Some patients with mild heart failure show significant, long-term benefits from cardiac-resynchronization therapy, according to the 7-year results from Boston Scientific‘s (NYSE:BSX) MADIT-CRT clinical trial presented at the American College of Cardiology’s annual meeting over the weekend.
The data showed that patients with a left-branch-bundle block that delays left ventricle contraction had a 41% reduction in the risk of long-term death compared with treatment via an implantable cardiac defibrillator. The CRT-D arm also showed a 62% reduction in the risk of non-fatal heart failure events, according to the study, which was also published in the New England Journal of Medicine.
"The findings of the present study provide evidence that early intervention with CRT-D is associated with a significant long-term survival benefit in patients with mild heart failure who have left ventricular dysfunction and an ECG pattern showing left bundle-branch block. However, there were no beneficial effects on long-term outcomes in patients without left bundle-branch block," the authors wrote. "The long-term survival benefit of CRT-D in patients with left bundle-branch block was consistent in each subgroup analyzed, regardless of sex, QRS duration, and ischemic versus non-ischemic cause of cardiomyopathy.
"Patients and their physicians should be encouraged to see the low mortality rate for heart failure patients receiving CRT-D therapy," Boston Scientific chief medical officer for cardiac rhythm management Dr. Kenneth Stein said in prepared remarks. "The life expectancy of this patient population confirms the need for the Boston Scientific longer lasting battery technology, which can minimize the number of additional device replacements, thus reducing risks to patients and reducing costs for the global health care system."
Boston Scientific’s Lotus TAVI fares well at 3 months
Three-month data from Boston Scientific’s Reprise II trial of its Lotus transcatheter aortic valve implant showed 85.4% of patients having no paravalvular aortic regurgitation, the company said.
"In addition, no cases of severe paravalvular aortic regurgitation occurred in any patient at 90 days. There were two cases of moderate paravalvular aortic regurgitation (2.1%) and in 12.5% of patients, paravalvular regurgitation was considered mild," according to a press release. All-cause mortality at 90 days was 5%, Boston Scientific said.
Abbott’s MitraClip benefits still strong after 5 years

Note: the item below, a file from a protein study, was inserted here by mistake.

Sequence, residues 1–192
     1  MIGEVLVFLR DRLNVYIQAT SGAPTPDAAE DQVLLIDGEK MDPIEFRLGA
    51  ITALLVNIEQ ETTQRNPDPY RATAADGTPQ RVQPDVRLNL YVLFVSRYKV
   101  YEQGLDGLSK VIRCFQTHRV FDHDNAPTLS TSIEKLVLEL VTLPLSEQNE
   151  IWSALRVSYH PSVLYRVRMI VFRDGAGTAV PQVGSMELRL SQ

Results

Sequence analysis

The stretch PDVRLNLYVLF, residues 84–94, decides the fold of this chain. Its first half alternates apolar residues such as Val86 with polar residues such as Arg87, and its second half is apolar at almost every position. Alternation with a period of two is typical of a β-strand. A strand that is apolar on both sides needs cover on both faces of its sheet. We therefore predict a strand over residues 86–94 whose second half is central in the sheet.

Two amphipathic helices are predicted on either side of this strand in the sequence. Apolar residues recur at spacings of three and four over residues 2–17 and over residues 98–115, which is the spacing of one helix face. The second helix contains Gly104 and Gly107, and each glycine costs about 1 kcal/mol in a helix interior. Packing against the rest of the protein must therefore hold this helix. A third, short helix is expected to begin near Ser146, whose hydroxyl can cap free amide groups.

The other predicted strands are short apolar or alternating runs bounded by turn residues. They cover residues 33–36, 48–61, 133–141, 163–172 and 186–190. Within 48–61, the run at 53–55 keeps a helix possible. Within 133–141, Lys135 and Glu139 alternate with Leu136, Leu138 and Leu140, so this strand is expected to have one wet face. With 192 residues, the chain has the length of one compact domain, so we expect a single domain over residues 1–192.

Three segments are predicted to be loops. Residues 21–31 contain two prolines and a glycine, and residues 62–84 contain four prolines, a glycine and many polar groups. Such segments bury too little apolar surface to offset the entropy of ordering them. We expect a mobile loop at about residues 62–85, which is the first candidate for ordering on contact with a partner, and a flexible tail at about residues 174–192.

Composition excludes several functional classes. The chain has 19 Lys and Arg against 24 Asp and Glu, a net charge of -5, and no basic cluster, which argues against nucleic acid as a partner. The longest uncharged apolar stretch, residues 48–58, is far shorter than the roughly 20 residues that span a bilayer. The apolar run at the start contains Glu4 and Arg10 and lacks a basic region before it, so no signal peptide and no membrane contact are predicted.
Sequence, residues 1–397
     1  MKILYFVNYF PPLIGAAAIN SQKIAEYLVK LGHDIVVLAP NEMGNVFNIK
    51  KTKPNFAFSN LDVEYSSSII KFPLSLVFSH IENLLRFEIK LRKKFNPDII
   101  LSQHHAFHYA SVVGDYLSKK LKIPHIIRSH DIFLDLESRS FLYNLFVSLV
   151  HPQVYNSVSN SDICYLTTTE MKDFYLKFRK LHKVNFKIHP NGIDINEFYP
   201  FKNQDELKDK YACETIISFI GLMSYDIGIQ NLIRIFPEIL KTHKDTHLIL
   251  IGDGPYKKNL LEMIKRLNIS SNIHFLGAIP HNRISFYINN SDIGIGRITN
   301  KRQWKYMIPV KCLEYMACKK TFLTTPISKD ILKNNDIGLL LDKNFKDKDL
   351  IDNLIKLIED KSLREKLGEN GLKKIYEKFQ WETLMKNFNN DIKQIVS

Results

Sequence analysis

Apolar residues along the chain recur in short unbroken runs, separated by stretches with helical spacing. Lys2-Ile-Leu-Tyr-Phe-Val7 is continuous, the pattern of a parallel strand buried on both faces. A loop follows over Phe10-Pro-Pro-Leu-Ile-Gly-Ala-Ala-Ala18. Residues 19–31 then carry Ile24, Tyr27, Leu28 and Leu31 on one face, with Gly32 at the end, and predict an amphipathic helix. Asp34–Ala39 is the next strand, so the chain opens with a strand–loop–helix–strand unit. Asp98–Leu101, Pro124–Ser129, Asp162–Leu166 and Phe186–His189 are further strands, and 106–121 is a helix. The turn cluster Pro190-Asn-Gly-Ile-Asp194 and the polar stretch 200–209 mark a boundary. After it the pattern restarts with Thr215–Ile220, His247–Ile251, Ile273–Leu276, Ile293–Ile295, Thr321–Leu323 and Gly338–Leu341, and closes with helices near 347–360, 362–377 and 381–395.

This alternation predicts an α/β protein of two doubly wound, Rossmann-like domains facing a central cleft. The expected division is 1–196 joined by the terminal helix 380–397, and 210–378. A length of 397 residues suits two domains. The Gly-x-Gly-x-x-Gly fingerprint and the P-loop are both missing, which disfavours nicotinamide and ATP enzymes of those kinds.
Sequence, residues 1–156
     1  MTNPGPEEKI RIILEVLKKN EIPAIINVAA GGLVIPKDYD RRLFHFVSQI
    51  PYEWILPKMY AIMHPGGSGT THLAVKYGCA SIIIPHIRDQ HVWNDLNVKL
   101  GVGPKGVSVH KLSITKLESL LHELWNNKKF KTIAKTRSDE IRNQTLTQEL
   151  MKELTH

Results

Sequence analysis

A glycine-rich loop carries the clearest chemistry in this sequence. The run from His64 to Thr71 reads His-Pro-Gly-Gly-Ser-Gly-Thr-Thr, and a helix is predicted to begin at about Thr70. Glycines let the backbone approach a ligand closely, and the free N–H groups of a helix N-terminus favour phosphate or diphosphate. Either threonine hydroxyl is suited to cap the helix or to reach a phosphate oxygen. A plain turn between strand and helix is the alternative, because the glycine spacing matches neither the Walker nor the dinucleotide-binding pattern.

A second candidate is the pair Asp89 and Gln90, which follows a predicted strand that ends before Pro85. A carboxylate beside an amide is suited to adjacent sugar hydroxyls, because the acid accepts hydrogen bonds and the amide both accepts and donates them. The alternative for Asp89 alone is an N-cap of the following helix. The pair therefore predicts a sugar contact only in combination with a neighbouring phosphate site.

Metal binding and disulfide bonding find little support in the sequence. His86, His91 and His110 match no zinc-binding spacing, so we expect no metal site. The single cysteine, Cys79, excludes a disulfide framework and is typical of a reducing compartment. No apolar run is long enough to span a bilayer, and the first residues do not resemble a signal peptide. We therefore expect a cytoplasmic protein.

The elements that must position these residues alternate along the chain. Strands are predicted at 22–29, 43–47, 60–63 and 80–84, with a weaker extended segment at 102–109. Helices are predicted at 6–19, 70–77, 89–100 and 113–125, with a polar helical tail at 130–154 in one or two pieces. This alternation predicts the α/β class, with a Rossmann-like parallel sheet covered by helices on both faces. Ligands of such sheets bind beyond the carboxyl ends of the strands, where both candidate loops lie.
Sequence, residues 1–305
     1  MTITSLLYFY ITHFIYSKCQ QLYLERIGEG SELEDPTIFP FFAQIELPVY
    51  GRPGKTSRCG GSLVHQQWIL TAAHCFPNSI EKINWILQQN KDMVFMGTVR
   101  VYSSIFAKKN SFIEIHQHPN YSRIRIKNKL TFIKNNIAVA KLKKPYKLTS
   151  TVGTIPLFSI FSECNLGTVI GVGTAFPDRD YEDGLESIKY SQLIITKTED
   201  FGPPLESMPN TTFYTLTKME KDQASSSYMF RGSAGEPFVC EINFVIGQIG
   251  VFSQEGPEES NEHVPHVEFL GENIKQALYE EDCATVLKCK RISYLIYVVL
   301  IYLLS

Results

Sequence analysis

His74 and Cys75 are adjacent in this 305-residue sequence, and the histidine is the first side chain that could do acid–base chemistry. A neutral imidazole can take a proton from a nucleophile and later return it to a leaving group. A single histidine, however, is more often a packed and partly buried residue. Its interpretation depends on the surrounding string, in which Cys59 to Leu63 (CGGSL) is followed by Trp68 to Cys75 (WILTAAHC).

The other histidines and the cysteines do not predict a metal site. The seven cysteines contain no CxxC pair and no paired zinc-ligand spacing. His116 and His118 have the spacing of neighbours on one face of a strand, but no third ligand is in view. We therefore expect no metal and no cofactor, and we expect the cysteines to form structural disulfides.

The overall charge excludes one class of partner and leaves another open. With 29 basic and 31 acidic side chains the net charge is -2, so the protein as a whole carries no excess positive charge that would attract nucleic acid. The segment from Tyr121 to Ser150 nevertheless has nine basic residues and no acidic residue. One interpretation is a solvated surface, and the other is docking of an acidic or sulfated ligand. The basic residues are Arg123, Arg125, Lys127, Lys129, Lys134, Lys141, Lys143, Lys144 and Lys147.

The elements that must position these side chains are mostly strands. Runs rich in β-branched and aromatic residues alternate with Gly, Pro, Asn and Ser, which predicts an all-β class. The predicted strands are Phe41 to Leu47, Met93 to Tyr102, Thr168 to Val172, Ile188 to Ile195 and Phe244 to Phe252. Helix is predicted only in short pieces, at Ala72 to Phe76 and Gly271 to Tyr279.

Abbott (NYSE:ABT) said 5-year data from its Everest II trial showed that the "clinical benefits provided by MitraClip are durable through 5 years, including reductions in the severity of [mitral regurgitation], improvement in left ventricular dimensions, improvement in [New York Heart Assn.] functional class (an indicator of quality of life), and a low rate of adverse events from 1 to 5 years, with no new or ongoing safety concerns."
Drug-eluting stents beat bare metal at 1 year
Patient treated with drug-eluting stents showed a lower risk of major cardiovascular events at 1 year compared to patients treated with bare-metal stents, provided they were treated with an individualized course of dual anti-platelet therapy, according to data from the Zeus study.
Boston touts Platinum stent results
The Platinum Workhorse trial showed that Boston Scientific’s platinum-chromium DES fared better than Abbott’s cobalt-chromium DES, BSX said. The BSX stent showed a 23% lower 4-year target lesion revascularization (rate than the Abbott stent, according to a press release.
"This is the lowest TLR rate in any pivotal U.S. Food & Drug Administration trial for a DES at 4 years," Boston Scientific said.
Are ICD drivers ticking time bombs?
Drs. Joshua Cooper of Temple University and Steven Markowitz of New York-Presbyterian/Weill Cornell Medical College
debated whether implantable cardiac defibrillator patients pose a threat behind the wheel if their ventricular tachycardia hasn’t triggered a shock in the past 3 months.
Bariatric surgery beats meds in obese diabetics
Obese patients with Type II diabetes fared better after bariatric surgery than with intensive medical therapy alone, according to 3-year results presented at the conference from the Stampede clinical trial.